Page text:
What Is The Word Count for ToK Exhibition? Let’s Find Out

The Theory of Knowledge Exhibition task requires you to complete four things. You should choose an IA prompt, conduct extensive research, find three objects, and write a commentary.

But what exactly is the word count for the ToK exhibition?

The ToK Exhibition commentary should be no more than 950 words long. IB examiners will not assess more words than the recommended limit. Therefore, we strongly advise that you stick to the suggested length, and you can do so by distributing the words evenly among the three objects.

Our goal with this guide is to help you structure the commentary the right way so that you don’t go outside the recommended word count.

Let’s begin.

Key Takeaways

  • Many IB schools now require students to complete an exhibition in place of the ToK Presentation.
  • The exhibition needs a written commentary, and every IB student must ensure that their work don’t exceed the maximum recommended word count.
  • Remember, the exhibition project accounts for 33% of the final grade.
  • You will write a ToK essay, which accounts for the 67% of the final Theory of Knowledge grades.

What is ToK Exhibition Exactly?

The ToK Exhibition is a new assessment assignment that requires you to conduct individual research.

Its aim is to determine whether you can explain how Theory of Knowledge manifests itself in the real world by applying the ToK concepts taught in your classroom.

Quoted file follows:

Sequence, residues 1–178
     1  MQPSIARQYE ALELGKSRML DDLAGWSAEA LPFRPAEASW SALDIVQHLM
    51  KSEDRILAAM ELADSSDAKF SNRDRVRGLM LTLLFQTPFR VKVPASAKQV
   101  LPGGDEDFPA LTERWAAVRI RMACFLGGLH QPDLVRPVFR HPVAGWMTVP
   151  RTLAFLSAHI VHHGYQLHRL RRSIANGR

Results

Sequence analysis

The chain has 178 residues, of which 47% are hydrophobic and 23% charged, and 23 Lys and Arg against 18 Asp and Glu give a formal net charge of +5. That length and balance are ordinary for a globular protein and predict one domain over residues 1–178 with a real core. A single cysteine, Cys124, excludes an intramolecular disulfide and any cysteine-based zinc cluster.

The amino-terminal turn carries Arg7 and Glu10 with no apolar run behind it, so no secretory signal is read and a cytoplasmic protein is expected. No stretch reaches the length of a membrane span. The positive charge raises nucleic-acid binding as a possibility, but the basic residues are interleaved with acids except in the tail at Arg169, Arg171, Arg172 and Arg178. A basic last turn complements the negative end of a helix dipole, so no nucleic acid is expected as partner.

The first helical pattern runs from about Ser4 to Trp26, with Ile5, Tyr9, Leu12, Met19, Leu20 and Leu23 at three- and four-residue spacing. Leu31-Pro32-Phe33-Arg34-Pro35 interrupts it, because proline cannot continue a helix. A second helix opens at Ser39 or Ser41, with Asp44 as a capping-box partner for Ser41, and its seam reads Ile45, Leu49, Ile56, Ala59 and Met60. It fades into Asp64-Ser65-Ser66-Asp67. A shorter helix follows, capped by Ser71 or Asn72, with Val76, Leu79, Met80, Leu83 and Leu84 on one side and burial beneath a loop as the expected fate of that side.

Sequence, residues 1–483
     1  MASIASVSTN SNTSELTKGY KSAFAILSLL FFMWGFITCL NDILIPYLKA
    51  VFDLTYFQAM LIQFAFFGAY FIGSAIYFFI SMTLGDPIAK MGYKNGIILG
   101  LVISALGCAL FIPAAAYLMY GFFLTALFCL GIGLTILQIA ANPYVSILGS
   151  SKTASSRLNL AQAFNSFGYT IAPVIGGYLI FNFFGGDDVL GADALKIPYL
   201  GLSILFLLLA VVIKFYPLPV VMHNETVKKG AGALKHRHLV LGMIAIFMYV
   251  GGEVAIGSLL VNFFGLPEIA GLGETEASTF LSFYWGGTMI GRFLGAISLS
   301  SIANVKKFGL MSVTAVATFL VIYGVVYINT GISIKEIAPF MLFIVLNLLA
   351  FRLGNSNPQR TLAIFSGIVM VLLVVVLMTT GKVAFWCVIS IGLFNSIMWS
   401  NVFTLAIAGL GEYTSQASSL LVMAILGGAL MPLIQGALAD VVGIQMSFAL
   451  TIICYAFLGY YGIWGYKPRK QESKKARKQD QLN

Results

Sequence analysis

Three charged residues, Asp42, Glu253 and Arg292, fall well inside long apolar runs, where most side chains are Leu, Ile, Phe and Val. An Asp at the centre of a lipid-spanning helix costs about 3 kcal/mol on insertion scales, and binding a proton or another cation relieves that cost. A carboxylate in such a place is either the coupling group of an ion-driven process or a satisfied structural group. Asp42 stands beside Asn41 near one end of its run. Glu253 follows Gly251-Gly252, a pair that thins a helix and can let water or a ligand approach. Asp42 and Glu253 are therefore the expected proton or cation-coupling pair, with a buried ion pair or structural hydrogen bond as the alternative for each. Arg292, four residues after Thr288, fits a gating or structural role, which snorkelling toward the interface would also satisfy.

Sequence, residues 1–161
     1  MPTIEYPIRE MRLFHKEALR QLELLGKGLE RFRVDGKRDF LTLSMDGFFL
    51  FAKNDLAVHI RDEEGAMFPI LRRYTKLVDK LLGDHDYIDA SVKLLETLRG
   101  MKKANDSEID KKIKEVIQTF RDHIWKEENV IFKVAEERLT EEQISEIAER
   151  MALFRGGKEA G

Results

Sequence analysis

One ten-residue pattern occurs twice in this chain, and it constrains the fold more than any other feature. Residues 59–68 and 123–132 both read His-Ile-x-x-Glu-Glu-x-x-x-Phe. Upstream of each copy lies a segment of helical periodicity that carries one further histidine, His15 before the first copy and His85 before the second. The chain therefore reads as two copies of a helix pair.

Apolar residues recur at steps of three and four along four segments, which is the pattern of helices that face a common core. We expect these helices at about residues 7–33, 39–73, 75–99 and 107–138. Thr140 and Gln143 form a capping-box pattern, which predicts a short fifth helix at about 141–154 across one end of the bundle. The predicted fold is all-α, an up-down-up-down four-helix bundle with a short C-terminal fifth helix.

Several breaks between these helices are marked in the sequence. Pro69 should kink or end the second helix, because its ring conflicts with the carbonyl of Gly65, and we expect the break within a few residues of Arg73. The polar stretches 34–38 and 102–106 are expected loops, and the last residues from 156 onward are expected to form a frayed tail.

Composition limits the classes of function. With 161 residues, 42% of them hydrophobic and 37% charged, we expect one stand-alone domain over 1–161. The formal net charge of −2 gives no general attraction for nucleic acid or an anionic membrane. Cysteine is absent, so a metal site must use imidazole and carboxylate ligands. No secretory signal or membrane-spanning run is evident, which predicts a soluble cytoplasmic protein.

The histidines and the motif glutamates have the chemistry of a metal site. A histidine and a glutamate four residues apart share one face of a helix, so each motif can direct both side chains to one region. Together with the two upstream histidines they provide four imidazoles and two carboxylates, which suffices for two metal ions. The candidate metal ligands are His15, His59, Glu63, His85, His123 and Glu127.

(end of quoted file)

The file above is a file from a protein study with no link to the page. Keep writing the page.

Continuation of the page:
Marked internally and moderated externally, the assignment requires you to do a live presentation of the three exhibition objects. However, your teacher doesn’t grade you for the live presentation session.

Your exhibition file is what your IB teacher will mark after the oral presentation. That’s why it’s important to come up with a comprehensive commentary.

How is The Exhibition Different from the Presentation?    

Before we look at the length of the project and the structure to use, let’s make sure you understand how the exhibition differs from the presentation.

The following table is a summary of the differences between the two:

1.DiscussionYou’re free to do the work alone, or in a group of two to three students.Exhibition is an individual project, as there can’t be an overlap of the selected objects.
2.ModerationIB required the PPD file for external moderation.Your teacher will score the Exhibition internally and IB will moderate it externally.  
3.PresentationYou (or your group) should present the work based on a real-life situation.Students must present their work only based on the context of one of the prescribed IA prompts.
4.EvaluationThe presentation is part of your ToK assignment. Teachers review the work to determine your ability to communicate your thoughts during presentation delivery.While the assessment encourages school activities, these aren’t activities are not part of the ToK assessment.

Notably, the exhibition evaluates how you can manifest ToK outside your classroom. The assignment has a unique assessment instrument, task, and moderation process.